Additionally, FDA explains that sponsors should begin discussions about investigational products for COVID-19 through pre-IND meeting requests as opposed to pre-emergency use authorization (pre-EUA) requests.
 
“While we are encouraged to see the rapid development of potential therapies for COVID-19, in most cases the effectiveness of novel or repurposed therapies is unknown at the pre-IND stage. Authorization of drugs through the EUA mechanism involves an understanding that the known and potential benefits outweigh the known and potential risks of the drug for the diagnosis, treatment, or prevention of an appropriate disease or condition. In general, drugs being studied for treatment or prevention of COVID-19 have insufficient data for FDA to make such a determination,” FDA writes.
 
The guidance goes on to provide specific recommendations for the content of pre-IND meeting request submissions; nonclinical, clinical and quality considerations; and additional recommendations for antiviral and inhalation drugs.
 
Clinical development
 
In the second guidance, FDA provides recommendations for clinical trial design for Phase 2 and 3 clinical trials intended to establish safety and efficacy for therapeutic or prophylactic drugs and biologics for COVID-19.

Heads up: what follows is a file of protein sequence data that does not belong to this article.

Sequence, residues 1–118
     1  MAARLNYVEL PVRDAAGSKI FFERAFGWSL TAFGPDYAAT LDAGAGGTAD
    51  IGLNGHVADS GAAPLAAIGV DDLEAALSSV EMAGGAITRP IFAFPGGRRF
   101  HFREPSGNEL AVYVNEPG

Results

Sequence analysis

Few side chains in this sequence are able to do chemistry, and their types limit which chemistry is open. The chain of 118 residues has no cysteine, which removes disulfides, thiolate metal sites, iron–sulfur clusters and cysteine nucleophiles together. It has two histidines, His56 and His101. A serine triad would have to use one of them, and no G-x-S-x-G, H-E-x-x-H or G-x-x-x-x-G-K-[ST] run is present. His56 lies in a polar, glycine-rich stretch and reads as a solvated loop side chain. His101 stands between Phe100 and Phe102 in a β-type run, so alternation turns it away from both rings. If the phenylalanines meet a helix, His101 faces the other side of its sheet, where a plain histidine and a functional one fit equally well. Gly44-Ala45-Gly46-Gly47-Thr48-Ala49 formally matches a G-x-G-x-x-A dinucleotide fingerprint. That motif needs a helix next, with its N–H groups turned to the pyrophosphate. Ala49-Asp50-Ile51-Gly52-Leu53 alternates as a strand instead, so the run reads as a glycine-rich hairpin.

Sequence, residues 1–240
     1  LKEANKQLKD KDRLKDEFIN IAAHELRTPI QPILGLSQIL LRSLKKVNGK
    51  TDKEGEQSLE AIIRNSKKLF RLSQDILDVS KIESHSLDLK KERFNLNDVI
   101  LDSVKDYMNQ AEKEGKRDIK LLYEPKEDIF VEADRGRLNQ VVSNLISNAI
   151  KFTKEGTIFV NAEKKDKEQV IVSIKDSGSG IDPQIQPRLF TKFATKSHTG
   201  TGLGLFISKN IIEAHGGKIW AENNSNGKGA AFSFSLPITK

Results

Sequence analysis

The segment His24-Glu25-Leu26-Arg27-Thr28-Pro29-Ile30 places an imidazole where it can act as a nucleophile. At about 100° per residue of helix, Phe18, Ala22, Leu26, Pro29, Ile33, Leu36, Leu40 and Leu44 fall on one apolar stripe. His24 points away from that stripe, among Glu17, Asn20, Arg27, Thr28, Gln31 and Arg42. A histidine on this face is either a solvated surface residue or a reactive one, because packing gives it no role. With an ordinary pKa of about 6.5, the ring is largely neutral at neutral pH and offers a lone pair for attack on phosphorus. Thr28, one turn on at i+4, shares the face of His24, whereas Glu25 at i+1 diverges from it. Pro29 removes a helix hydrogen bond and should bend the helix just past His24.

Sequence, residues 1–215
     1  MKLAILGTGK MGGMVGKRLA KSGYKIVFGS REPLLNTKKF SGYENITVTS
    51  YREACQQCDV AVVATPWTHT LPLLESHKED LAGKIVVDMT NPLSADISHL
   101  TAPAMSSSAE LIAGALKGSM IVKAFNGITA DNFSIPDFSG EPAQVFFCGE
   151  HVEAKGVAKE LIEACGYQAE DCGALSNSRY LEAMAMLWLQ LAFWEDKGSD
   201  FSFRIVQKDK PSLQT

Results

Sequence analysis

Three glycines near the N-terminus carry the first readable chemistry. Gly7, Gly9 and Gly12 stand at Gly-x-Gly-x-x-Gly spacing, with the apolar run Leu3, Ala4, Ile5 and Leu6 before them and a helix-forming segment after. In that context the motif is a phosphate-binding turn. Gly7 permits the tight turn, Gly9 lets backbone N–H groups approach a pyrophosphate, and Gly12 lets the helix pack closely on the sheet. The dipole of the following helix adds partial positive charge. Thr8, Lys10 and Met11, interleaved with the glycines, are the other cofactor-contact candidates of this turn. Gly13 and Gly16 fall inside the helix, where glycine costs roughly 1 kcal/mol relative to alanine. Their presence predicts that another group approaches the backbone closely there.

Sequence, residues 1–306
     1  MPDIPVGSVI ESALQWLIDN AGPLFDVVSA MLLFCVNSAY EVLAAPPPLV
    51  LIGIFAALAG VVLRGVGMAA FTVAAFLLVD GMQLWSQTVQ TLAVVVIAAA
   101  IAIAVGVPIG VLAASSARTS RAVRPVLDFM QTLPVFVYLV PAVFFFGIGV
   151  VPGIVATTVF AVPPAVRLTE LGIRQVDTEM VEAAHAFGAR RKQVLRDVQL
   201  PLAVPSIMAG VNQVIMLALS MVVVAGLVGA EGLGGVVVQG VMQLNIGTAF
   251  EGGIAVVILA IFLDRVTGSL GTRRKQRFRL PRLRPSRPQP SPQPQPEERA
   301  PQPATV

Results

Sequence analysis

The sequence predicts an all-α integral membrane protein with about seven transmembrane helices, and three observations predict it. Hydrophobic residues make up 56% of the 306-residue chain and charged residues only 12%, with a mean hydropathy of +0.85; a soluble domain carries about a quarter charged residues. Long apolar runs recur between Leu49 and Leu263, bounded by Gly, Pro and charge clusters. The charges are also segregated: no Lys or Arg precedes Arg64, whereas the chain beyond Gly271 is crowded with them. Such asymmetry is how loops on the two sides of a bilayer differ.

FDA says the guidance is focused on the development of direct antiviral drugs or products with immunomodulatory activity and notes that the guidance does not apply to preventative vaccines or convalescent plasma.
 
“FDA anticipates this guidance will help sponsors to efficiently design studies that may lead to the review and potential approval of safe and effective drugs and biological products to address the COVID-19 pandemic,” FDA writes.
 
Specifically, the guidance provides recommendations for study population, trial design, efficacy endpoints, safety and statistical considerations.
 
FDA says it “strongly recommends that drugs to treat or prevent COVID-19 be evaluated in randomized, placebo-controlled, double-blind clinical trials using a superiority design,” and that standard of care should be applied in all treatment arms.
 
“Sponsors should address anticipated off-label use of any other drugs, devices, or interventions that might be used to manage COVID-19,” FDA writes.
 
FDA opens the door to decentralized or platform clinical trials and requests that sponsors considering such studies contact the agency.
 
FDA also provides a list of what it considers to be important clinical outcome measures for treatment trials, including all-cause mortality, respiratory failure, need for invasive mechanical ventilation and sustained clinical recovery. For prevention trials, FDA says the primary endpoint should be the occurrence of laboratory-confirmed SARS-CoV-2 infection or SARS-CoV-2 infection with symptoms within a prespecified timeframe.
 
FDA